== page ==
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Copy of To Kill a Mockingbird Introduction

Intro to To Kill a Mockingbird, talking about the author and the time period.
by

Lindsey Corley

on 15 November 2016

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Transcript of Copy of To Kill a Mockingbird Introduction

Harper Lee
To Kill a
Mockingbird

by
Historical Background
The Great Depression
Heated race relations

Many Americans lost all of their money
Many had borrowed on credit to buy the stocks, and now they were in debt
1933:
Nazis come into power
Jews are removed from all government, state, and cultural positions.
Jews were segregated in restaurants and schools. Jewish professors were dismissed from their jobs.
Questions?
Harper Lee, born April 28, 1926 (still alive)

- Grew up during the Great Depression
(same time period as her novel)

- Grew up in Monroeville, Alabama
(town is very similar to the town described
in her novel)

- Her father was a lawyer
(just like the main character of her novel)
Fiction
Semi-autobiographical?
Main Characters
Scout
Jem
Atticus
Dill
Miss Maudie
Calpurnia
narrator
Europe
Gender roles
Stock market crash
A drought in the South led to dust storms that destroyed crops
Dust Bowl

Prices of crops went down causing many farms to go out of business

People could not afford luxuries

Factories shut down

Businesses went under

Banks could not pay out money

People could not pay their taxes
Schools shut down due to lack of funds
Herbert Hoover was president when the Depression hit
Philosophy: The market will correct itself

What He Did: Not much
Things got so bad that some families were forced to live in tent towns

They were referred to as “Hooverville” because of President Hoover’s lack of help during the depression.
When he was inaugurated unemployment had increased by 7 million.

Poor sections (like Harlem) had 50% of the pop. unemployed

He started the “New Deal,” which many credit with bringing our country out of the Depression


African Americans could not serve on a jury, and “fair trial” did not include acceptance of a black man’s word against a white man’s
African Americans were treated as second class citizens who could not sit at the front of the bus or walk on the sidewalk if a white person was present
Intermarriage was illegal
Most public places were segregated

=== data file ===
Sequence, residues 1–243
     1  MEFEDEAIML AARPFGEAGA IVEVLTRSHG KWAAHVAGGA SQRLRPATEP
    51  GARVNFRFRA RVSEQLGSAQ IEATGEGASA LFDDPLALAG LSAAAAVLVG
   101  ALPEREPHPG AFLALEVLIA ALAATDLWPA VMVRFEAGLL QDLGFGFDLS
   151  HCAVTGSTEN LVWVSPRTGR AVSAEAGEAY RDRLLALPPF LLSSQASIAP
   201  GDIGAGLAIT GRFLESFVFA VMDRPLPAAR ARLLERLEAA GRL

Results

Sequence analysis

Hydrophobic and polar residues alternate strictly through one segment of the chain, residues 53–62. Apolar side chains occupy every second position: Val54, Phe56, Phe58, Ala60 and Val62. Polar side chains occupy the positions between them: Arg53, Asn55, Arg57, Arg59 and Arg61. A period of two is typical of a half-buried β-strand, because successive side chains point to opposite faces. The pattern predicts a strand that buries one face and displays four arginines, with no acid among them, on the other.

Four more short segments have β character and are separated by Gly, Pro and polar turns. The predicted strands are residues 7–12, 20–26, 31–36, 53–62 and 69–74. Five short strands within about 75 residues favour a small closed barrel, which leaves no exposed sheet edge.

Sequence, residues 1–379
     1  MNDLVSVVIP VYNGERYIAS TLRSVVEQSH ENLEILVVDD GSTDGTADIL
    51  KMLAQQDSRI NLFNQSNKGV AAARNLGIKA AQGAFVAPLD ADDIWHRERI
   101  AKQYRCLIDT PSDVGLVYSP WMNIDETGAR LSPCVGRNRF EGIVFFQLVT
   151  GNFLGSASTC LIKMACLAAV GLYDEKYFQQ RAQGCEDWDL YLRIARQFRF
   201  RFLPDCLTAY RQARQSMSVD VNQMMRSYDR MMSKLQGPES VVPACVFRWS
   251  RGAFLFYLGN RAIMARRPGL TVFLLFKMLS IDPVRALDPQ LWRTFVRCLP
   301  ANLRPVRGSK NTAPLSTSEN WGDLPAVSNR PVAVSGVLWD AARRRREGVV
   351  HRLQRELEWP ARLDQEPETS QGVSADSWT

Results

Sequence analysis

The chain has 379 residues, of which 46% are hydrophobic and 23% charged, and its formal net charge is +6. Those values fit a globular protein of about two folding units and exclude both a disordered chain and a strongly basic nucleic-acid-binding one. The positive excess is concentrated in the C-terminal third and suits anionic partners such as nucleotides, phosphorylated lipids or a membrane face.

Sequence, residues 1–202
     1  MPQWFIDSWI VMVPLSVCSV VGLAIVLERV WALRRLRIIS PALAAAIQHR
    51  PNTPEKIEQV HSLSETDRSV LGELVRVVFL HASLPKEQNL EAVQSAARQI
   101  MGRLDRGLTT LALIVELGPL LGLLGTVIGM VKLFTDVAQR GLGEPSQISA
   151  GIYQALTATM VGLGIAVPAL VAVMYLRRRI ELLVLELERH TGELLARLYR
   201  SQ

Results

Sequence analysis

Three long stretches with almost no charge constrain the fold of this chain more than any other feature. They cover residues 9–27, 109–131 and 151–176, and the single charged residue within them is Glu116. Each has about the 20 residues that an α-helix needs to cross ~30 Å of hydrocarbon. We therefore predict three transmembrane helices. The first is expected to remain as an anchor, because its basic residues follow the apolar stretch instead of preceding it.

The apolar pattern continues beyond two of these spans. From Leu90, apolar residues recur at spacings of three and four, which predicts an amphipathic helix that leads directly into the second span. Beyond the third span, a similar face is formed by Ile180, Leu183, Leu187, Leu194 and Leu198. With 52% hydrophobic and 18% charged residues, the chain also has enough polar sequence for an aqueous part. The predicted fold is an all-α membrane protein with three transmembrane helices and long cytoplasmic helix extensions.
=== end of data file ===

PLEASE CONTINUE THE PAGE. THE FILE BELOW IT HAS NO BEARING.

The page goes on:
Jim Crow laws enforced segregation in the south


Schools
Parks
Courthouses
Stores
Memphis
Women were considered “weak”
Women had only recently been given the right to vote
Women were not allowed to serve on juries
Women were generally not educated for occupations outside the home
Men were not considered capable of nurturing children (a divorced man would be unlikely to obtain custody of his child)
Women were often treated as lesser than men
The young girl who acts in such a manner as to attract attention in public; who speaks loudly, and jokes and laughs and tells stories in order to be heard by others than her immediate companions, . . . who expresses opinions on all subjects with forward self-confidence, is rightly regarded by all thoughtful and cultivated people as one of the most disagreeable and obnoxious characters to be met with in society.
From a book on manners (1920)
Hitler
1933:
Nazis come into power
Jews are removed from all government, state, and cultural positions.
Jews were segregated in restaurants and schools. Jewish professors were dismissed from their jobs.
Two Storylines
Scout and her friends want to meet their mysterious neighbor, Boo Radley
Scout's father is involved in a court case that no one thinks he can win
Boo Radley
two conflicts
Theme
The controlling idea or meaning of a work of art or literature

(This could be a moral to a story
or just a dominant idea or feeling)


Lee stresses the need to understand other people's perspectives in order to destroy the evils of prejudice.
Pay attention to examples of
prejudice in the novel
Race
Gender
Handicaps
Rich/Poor
Age
Religion
which means
"You never really understand a person until you consider things from his point of view... until you climb into his skin and walk around in it."
An adverse judgment or opinion formed beforehand or without knowledge or examination of the facts.
A preconceived preference or idea.
Pre - Judge
PRejudices
Franklin D. Roosevelt (FDR)
Other Themes:
What is real courage?
Gender roles
Growing up
Full transcript